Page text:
Comprehension Questions and Answers
1. What did the people call the flower at first?
Answer. This is a poem in which Tennyson uses nature to communicate with his readers; he uses a “flower” because a flower, like all living things, has the same functions: to be born (the process is different but similar, at the same time), to live (it is the same process because we need to eat, in different forms), to grow and reproduce (plants use a “seed” (line 2), people require two people to reproduce, and normally plants require two plants to reproduce as well, but there are some plants that reproduce independently (we both fade with time). The indigenous people referred to it as a weed.
2. How did they react when they saw it in the garden?
Answer. The people was enraged and dissatisfied that the individual had discovered something they did not. They walked about the creation, finally realising how useful it was for themselves, and getting jealous that it was he, not them, who discovered it.(To and fro they went Thro’ my garden-bower And muttering discontent Cursed me and my flower).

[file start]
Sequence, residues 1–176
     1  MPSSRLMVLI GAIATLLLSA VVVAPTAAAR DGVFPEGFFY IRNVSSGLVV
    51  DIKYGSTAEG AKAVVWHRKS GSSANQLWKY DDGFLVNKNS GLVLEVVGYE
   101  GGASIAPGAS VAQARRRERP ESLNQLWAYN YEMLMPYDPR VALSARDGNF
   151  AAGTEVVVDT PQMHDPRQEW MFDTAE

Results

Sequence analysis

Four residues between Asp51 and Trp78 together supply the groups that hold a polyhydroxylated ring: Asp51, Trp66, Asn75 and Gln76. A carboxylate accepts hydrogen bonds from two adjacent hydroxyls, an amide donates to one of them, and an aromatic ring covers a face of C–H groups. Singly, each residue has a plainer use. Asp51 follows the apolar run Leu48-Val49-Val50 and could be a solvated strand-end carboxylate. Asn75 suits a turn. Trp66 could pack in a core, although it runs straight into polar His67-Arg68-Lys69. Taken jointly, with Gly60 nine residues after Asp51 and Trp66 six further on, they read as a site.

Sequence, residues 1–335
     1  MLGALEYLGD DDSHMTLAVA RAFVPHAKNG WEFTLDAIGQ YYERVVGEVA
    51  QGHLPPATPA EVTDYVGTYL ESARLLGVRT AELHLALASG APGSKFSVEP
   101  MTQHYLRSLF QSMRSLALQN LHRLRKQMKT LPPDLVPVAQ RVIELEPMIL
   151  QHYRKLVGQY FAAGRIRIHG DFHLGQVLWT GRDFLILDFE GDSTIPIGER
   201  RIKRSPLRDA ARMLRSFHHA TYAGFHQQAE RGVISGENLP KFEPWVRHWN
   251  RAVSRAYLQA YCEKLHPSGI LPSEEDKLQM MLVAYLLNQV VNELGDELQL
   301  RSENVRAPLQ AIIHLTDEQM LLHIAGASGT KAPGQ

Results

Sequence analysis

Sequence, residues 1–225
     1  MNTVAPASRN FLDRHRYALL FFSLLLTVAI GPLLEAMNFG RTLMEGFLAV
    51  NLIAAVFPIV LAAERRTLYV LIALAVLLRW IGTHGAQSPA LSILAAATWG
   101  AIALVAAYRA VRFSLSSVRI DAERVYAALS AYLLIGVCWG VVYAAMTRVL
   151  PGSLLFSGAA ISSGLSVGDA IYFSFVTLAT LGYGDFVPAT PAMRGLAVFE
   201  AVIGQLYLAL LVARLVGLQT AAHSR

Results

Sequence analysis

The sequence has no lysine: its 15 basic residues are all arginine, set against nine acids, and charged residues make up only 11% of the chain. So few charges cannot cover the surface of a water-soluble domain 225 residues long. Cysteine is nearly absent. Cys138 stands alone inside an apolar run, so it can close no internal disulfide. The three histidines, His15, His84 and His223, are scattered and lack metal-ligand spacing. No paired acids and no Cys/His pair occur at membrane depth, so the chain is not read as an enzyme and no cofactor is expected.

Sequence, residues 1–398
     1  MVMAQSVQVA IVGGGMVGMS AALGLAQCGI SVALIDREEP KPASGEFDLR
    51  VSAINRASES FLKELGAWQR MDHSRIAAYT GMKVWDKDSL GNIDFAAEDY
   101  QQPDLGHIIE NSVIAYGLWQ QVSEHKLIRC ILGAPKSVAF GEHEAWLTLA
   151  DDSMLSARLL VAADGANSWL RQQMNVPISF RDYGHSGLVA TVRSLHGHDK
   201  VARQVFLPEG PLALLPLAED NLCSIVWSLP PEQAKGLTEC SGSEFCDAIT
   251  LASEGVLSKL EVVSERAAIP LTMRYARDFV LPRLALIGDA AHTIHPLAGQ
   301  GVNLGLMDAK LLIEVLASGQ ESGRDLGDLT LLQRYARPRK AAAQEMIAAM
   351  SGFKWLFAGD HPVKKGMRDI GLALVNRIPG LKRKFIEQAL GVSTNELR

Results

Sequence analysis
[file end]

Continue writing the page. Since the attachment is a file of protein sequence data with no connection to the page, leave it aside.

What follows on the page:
3. Did people’s curses have any effect on the growth of the flower?
Answer. There is no effect of people’s curses on the growth of the flower, as it grew so tall, beautiful and bright.
4. What happened when the plant grew tall?
Answer. However, the poet proved that the invention was so good that it could not be given the slightest of doubts. (Then it grew so tall It wore a crown of light), but at last, people managed to steal the secret in making it (But thieves from o’er the wall Stole the seed by night).
5. What did the thieves do with the stolen seed?
Answer. Later, the people who copied it, produced it to the public (sowed it far and wide by every town and tower). As everybody tried the new invention, they realized how good it was (Till all the people cried ‘Splendid is the flower.’). Soon, the time came when the secret of the invention leaked out, and many people knew how to produce the same invention (Most can raise the flowers now, for all have got the seed.).